|Centuries:||1st century BC – 1st century – 2nd century|
|Decades:||0s 10s 20s – 30s – 40s 50s 60s|
|Years:||30 31 32 – 33 – 34 35 36|
|33 by topic|
|State leaders – Sovereign states|
|Birth and death categories|
|Births – Deaths|
|Establishment and disestablishment categories|
|Establishments – Disestablishments|
|Ab urbe condita||786|
|Bahá'í calendar||−1811 – −1810|
|English Regnal year||N/A|
|Chinese calendar||壬辰年 (Water Dragon)
2729 or 2669
— to —
癸巳年 (Water Snake)
2730 or 2670
|Coptic calendar||−251 – −250|
|- Vikram Samvat||89–90|
|- Shaka Samvat||N/A|
|- Kali Yuga||3134–3135|
|Igbo calendar||−967 – −966|
|Iranian calendar||589 BP – 588 BP|
|Islamic calendar||607 BH – 606 BH|
|Minguo calendar||1879 before ROC
|Thai solar calendar||576|
|Wikimedia Commons has media related to 33.|
Year 33 (XXXIII) was a common year starting on Thursday (link will display the full calendar) of the Julian calendar. At the time, it was known in the Roman world as the Year of the Consulship of Ocella and Sulla (or, less frequently, year 786 Ab urbe condita). The denomination 33 for this year has been used since the early medieval period, when the Anno Domini calendar era became the prevalent method in Europe for naming years.
- Servius Sulpicius Galba is a Roman Consul.
- Emperor Tiberius founds a credit bank in Rome.
- A financial crisis hits Rome, due to poorly chosen fiscal policies. Land values plummet, and credit is increased. These actions lead to a lack of cash, a crisis of confidence, and much land speculation. The primary victims are senators, knights and the wealthy. Many aristocratic families are ruined.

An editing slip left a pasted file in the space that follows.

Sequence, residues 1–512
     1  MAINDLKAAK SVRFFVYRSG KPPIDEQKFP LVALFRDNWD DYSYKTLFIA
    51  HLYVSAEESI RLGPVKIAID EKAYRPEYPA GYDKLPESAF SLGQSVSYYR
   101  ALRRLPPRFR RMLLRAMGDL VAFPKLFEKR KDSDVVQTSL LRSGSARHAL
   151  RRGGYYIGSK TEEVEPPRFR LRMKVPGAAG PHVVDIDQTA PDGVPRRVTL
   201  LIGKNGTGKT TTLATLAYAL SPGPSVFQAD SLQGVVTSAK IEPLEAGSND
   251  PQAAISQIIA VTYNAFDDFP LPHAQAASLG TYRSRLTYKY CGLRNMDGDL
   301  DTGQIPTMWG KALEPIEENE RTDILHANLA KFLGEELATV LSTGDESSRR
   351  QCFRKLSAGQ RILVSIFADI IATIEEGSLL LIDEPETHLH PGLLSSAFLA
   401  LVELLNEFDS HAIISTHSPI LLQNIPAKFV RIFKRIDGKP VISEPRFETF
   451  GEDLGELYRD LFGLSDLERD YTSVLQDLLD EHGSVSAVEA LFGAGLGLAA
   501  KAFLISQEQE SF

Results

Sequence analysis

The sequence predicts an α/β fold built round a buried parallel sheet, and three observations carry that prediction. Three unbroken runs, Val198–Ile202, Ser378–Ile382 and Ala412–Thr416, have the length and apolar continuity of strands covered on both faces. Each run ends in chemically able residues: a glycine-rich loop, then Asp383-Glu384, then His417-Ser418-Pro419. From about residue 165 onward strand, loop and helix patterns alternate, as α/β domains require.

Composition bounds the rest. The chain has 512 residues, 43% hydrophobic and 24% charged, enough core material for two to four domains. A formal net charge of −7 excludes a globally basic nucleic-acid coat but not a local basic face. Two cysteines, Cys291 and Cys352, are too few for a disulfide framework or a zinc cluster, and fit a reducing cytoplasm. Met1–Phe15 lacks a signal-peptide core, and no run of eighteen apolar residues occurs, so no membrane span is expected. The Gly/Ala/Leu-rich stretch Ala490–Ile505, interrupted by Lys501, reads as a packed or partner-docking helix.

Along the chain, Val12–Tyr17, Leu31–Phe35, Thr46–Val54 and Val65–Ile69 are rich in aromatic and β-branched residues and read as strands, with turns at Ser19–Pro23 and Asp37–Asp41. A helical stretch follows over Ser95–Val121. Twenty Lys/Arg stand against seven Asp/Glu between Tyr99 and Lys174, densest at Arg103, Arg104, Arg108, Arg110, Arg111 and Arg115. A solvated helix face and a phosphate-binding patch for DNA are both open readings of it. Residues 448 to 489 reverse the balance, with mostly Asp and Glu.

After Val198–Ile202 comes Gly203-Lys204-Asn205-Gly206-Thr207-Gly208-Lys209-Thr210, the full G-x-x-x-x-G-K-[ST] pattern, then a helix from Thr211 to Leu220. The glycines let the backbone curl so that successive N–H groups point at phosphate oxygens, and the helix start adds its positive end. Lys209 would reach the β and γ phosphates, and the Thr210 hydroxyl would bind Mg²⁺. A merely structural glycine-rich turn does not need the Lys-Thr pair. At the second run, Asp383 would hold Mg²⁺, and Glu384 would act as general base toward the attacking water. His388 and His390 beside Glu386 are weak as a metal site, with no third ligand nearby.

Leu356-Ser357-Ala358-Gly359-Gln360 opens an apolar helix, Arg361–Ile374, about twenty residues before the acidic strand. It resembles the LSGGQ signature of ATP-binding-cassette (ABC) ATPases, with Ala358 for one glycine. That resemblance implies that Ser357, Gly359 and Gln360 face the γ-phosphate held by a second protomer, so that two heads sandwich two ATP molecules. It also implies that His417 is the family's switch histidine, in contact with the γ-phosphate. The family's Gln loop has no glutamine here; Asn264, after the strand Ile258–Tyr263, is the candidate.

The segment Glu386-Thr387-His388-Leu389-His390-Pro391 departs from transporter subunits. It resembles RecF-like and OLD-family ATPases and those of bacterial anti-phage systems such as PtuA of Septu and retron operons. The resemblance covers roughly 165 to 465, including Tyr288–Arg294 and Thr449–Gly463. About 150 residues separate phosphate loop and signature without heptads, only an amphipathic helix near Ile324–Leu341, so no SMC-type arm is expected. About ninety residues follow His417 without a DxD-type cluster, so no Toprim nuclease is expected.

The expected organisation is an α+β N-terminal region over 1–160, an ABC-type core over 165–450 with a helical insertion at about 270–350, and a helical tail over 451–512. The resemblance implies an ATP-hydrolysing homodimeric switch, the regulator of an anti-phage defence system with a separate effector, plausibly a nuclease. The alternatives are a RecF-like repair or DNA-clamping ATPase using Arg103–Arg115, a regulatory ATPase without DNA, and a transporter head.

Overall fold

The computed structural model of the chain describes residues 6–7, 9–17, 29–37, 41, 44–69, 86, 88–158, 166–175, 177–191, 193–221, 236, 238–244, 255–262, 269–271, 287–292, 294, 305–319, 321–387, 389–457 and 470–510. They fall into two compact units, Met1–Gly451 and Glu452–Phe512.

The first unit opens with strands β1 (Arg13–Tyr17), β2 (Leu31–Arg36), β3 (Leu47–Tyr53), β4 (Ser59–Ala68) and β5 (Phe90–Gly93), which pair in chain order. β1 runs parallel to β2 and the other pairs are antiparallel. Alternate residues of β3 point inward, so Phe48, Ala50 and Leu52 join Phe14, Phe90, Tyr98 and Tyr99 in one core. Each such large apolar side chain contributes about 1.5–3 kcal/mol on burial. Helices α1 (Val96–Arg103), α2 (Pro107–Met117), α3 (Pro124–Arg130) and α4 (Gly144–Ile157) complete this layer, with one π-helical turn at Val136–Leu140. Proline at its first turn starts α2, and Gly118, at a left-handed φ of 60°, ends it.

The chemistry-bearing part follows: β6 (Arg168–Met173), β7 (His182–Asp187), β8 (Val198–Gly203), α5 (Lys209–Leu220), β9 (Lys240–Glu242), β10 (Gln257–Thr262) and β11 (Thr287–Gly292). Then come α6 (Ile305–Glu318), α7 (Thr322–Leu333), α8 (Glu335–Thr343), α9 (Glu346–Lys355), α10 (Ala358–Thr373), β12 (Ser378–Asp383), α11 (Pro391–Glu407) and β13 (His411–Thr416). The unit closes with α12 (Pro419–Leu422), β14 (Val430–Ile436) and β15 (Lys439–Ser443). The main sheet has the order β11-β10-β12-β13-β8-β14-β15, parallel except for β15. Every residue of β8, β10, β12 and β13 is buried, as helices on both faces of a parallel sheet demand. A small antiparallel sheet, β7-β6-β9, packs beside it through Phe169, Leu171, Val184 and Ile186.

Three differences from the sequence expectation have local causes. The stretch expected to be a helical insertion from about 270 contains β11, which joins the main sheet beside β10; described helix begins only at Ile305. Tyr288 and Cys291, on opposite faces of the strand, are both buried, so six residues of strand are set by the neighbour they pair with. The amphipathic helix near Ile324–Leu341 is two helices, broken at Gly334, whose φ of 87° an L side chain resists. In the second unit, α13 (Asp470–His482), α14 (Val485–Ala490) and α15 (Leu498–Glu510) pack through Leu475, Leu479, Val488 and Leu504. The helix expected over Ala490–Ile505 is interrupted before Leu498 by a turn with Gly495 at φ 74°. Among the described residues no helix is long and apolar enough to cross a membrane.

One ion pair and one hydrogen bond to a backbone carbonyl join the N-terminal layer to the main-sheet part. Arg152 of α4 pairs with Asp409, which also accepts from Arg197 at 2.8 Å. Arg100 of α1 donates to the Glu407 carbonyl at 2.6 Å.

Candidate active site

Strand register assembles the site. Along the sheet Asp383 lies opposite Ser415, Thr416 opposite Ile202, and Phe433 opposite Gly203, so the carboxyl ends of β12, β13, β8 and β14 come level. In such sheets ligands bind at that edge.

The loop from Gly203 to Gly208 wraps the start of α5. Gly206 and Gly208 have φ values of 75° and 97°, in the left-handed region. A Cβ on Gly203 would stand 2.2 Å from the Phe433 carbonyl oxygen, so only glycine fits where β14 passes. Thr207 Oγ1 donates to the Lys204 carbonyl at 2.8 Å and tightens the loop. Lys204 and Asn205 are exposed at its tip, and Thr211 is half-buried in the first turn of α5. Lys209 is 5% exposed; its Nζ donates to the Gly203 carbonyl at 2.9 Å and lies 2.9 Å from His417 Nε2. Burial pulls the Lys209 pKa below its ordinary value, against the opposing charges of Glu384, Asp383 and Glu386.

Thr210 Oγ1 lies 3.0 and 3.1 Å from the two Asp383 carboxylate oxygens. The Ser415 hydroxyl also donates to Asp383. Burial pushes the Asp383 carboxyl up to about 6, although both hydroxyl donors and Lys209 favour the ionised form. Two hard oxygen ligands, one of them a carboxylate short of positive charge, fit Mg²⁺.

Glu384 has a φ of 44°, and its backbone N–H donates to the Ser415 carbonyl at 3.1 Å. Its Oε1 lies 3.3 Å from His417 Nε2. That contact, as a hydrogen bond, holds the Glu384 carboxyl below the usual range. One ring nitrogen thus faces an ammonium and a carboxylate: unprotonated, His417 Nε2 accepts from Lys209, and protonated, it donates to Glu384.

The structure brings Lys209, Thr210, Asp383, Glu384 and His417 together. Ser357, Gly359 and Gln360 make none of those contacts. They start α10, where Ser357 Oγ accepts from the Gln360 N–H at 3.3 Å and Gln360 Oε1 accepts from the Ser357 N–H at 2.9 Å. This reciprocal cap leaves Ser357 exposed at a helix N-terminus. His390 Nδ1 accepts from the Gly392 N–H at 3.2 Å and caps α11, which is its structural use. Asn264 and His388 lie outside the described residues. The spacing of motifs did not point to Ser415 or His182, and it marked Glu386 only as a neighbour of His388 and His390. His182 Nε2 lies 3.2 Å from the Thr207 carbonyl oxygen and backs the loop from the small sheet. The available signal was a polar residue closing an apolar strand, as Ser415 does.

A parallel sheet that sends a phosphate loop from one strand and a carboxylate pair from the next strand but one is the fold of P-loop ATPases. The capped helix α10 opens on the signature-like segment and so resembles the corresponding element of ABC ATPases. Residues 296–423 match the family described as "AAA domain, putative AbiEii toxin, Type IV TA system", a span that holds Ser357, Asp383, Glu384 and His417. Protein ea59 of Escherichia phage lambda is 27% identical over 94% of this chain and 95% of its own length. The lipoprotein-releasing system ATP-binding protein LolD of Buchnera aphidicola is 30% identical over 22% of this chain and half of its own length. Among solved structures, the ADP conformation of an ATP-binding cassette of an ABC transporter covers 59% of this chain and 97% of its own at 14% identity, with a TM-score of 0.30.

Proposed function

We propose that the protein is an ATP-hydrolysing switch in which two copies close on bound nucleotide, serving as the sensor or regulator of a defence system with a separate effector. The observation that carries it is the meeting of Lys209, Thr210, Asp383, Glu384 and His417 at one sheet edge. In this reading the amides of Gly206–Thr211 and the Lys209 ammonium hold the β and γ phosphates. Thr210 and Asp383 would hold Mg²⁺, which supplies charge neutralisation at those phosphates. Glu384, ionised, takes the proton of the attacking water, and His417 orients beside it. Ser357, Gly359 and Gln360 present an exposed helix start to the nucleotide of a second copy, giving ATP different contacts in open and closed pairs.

- Although the usurpation of Wang Mang and the Chimei Rebellion are behind him, Emperor Guangwu now faces a new threat to the Han Dynasty: the Rebellion of Gongsun Shu in the Sichuan province. Gongsun's naval forces are unsuccessful against Han General Cen Peng, so Gongsun decides to fortify his position by blockading the entire Yangtze River with a large floating pontoon bridge, complete with floating fortified posts. He erects forts on both banks of the river for further missile fire and protects his barrier with a large boom. After Cen Peng is unable to break through, he constructs several "castle ships" with high ramparts and ramming vessels known as "colliding swoopers", which break through Gongsun's lines and allow Cen to quell his rebellion. Gongsun Shu is totally defeated three years later.
- Agrippina the Elder, wife of Germanicus (suicide by starvation) (b. 14 BC)
- Drusus Caesar, son of Germanicus and Agrippina the Elder, adoptive son of Tiberius (starvation) (b. 7 AD)
- Gaius Asinius Gallus, widower of Vipsania Agrippina and alleged lover of Agrippina the elder (starvation)
- Jesus Christ of Nazareth, (possible year of crucifixion) (b. c. 7 BC-2 BC)
- Marcus Aemilius Lepidus, senator, consul in 6, father-in-law of Drusus Caesar (natural causes) (b. c. 30 BC)
- Bunson, Matthew (2002). Encyclopedia of the Roman Empire (2nd ed.). Infobase Publishing. p. 226. ISBN 978-0-8160-4562-4.
- Harris, W. V. (2011). Rome's Imperial Economy: Twelve Essays. Oxford University Press. p. 238. ISBN 978-0-19-959516-7.
- Salisbury, Joyce E. (2001). Encyclopedia of women in the ancient world. ABC-CLIO. p. 3. ISBN 978-1-57607-092-5.
- Fantham, Elaine (2006). Julia Augusti: The Emperor's Daughter. Taylor & Francis. p. 122. ISBN 978-0-415-33145-6.
- Bunson, Matthew (2002). Encyclopedia of the Roman Empire (2nd ed.). Infobase Publishing. p. 50. ISBN 978-0-8160-4562-4.
- Colin J. Humphreys and W. G. Waddington, "Dating the Crucifixion ," Nature 306 (December 22/29, 1983), pp. 743-46. 
- Hazel, John (2002). Who's who in the Roman world (2nd ed.). Routledge. p. 166. ISBN 978-0-415-29162-0.